We developed a rubric to evaluate and score the prospective design firms. Then, members of our Exhibits Committee, Board, and Facilities Committee embarked on the monumental task of reading through all of the proposals (some 50 pages each) and scoring them. Scores were compiled and analyzed to determine the best fit for the needs of our museum.

After follow-up interviews and reference checks, we formally made our recommendation to the Board to move forward hiring the collaborative team. Contracts were drafted, reviewed by attorneys, approved by the Board in January 2021, and the contract was signed.

What are the next steps to bring exhibits to life?

Now the fun really starts to take-off. We will use the first half of 2021 to catapult our vision into a workable plan. 

The design firms are set to hold a kick-off event with us in February. This will lead to initial sketches of what our exhibit designs will be. We then move into the schematic phase as they nail down how these exhibits will fit our space and our needs.

Concurrently with this process, our Exhibits Committee will shift some of our focus to additional exhibit planning needs of our museum. Most notably, we will further concept our outdoor play space, explore further STEM and technology offerings of our museum, and begin discussion on smaller minor exhibits to round out our entire exhibit experience for museum visitors.

With the continued support of our community, additional exhibit sponsorships, and ongoing volunteer engagement, we anticipate sharing these one-of-a-kind exhibit details within the year.

These images showcase other collaborative museum design builds from the firms selected to bring Great River Children’s Museum exhibits to life.

Three Safes Down…

Three safes were moved out of the bank! The museum is looking less like a bank due to the “sale” of three safes. The safes were offered for free to anyone willing to move them, which was a sizeable effort. Dave Surma, a foreman with El-Jay Plumbing & Heating, had been working in the building on a gas line project for Xcel Energy when he became aware that the safes were available. He decided to take on the project of removing the safes and finding them new homes. It took two full days and a crew of workers to move the safes. They constructed a steel beam gantry spanning two rooms to lift the safes onto carts. They used an elaborate hoist system and winches to pull the safes out around the various obstacles, up a ramp and out the door where the gantry system had to be built again to lift the safes onto the back of a truck. It was quite a production to move the three heavy safes. We are very thankful to have them out and fulfilling their next purpose.

Safe Removal

United Way Day of Caring

Our PEL Lab space is looking great because of eleven volunteers from the United Way Day of Caring. On Thursday, September 19, they spent the day painting the 1200 square foot room where we plan to host our PEL Labs and the restroom in that space. The volunteers also dismantled some shelving in an older vault. Volunteers came from several employers, including GeoComm, Minnwest Bank, PCI, Safelite Auto Glass and Toppan Merrill. Thanks for all the hard work!

Community Contributions

Community members continue to step up and generously contribute to bringing the museum to life.

Coborn’s Inc. has donated a refrigerator for the museum building. This has been very helpful for the frequent meetings happening at the museum. Cool refreshments are much appreciated by our volunteers.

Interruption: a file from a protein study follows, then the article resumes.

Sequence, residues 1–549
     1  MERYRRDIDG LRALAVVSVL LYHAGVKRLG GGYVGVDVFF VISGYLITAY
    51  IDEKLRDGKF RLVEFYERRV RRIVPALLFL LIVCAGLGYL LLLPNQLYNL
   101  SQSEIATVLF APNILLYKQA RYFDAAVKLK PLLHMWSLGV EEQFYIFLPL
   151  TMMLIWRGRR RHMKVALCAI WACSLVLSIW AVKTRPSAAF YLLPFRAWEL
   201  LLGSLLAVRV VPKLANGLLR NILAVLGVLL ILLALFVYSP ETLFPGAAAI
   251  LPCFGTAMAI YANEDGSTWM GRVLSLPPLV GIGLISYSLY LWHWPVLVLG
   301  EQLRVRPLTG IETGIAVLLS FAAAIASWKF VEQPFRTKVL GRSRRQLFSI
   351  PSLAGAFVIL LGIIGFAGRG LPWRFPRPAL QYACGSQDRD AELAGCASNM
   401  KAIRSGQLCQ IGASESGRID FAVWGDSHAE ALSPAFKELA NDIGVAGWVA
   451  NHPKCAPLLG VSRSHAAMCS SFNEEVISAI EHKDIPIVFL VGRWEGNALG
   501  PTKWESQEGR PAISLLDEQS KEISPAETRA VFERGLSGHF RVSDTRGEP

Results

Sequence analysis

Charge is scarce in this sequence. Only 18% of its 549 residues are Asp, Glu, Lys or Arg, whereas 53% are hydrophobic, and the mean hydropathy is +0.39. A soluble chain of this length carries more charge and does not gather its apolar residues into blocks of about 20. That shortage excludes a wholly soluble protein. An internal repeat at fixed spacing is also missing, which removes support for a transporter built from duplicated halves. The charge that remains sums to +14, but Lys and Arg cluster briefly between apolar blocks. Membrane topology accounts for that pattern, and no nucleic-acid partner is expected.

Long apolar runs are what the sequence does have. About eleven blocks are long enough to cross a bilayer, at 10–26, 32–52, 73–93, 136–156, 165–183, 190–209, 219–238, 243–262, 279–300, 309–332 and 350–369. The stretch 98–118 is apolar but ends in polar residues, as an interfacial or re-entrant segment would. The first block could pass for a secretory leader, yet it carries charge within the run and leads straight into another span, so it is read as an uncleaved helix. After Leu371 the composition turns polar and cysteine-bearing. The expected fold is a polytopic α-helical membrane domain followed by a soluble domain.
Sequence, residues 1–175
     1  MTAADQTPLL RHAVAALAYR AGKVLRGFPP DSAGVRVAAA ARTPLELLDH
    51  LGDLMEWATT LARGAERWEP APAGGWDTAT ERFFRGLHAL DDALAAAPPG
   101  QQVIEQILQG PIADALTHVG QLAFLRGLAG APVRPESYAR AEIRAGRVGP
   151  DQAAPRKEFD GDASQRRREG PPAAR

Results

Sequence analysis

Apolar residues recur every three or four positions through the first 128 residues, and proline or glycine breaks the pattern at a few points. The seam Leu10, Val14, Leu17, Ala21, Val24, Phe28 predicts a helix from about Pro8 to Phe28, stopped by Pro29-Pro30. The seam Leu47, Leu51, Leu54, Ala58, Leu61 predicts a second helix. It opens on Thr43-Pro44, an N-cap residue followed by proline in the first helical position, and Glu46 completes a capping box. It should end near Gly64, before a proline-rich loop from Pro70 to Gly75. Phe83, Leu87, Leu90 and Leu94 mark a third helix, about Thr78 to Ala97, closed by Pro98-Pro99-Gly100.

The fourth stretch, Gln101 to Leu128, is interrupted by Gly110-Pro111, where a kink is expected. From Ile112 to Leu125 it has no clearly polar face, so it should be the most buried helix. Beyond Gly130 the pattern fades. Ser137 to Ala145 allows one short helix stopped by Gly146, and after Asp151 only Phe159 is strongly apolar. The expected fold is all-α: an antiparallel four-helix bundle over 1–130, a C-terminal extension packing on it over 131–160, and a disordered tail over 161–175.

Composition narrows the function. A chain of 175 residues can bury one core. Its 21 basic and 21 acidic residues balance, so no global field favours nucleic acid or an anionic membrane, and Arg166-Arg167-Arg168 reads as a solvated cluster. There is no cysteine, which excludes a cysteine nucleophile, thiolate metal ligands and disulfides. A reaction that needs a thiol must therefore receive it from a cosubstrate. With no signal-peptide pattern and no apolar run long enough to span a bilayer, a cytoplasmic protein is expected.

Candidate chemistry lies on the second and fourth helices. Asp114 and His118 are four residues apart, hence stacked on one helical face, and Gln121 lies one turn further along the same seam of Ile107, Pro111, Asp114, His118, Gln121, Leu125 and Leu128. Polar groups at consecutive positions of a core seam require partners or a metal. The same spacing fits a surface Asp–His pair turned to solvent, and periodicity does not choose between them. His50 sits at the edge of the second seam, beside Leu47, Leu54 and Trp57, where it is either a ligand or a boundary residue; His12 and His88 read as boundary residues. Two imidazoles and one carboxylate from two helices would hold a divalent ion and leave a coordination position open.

Creating an opening between two main floor rooms, to make it possible to offer programming for children and families, required some simple remodeling to meet city codes. It proved challenging to find a commercial contractor who could do the work during the busy construction season. Then generous bids came back from community members who were able to complete the construction project. Soon United Way volunteers will help with painting to put the final touches on these rooms.

Many little adjustments needed to be made to bring the building into compliance with fire codes and ADA. One of our volunteers pulled up and leveled the paving stones at the back of the building to bring the rear entrance into ADA compliance as pictured below.

Sidewalk before
Before
Sidewalk After
After

We continue to be grateful for the involvement of community members who are willing to give of their time and energy to bring a children’s museum to the St. Cloud Area. We look forward to using the newly remodeled spaces to learn about putting together quality programming with children and families as well as gathering groups from the community to collect input.

Making a Documentary

What do you do with a former bank building while you wait for it to be transformed into a children’s museum? Make a documentary about a bankrobber, of course! The building was recently used by a crew of filmmakers to reenact the crimes of the Fishing Hat Bandit. According to the creators of the film:

“The Fishing Hat Bandit (working title) is a feature length documentary about the bank robbery spree of John Whitrock, also known as the Fishing Hat Bandit. Whitrock robbed 23 banks over the course of 18 months before being apprehended in Edina in January 2005. The film will include interviews with Whitrock, several of the bank tellers he victimized, the bank manager who helped catch the bandit, the two FBI lead investigators and others.”

“This film will not just focus on the Fishing Hat Bandit’s crimes, but also on the experiences of the bank tellers he victimized. Often, crime stories sensationalize the crime narrative with little regard for the victims. This film will tell a balanced story that illustrates the resilience of the many bank employees affected and includes a strong restorative justice theme.”

The timing of the project was perfect! The teller stations were still intact and hadn’t been used for museum purposes yet. The board happily agreed to share space with this creative project. It will be fun to see the final product!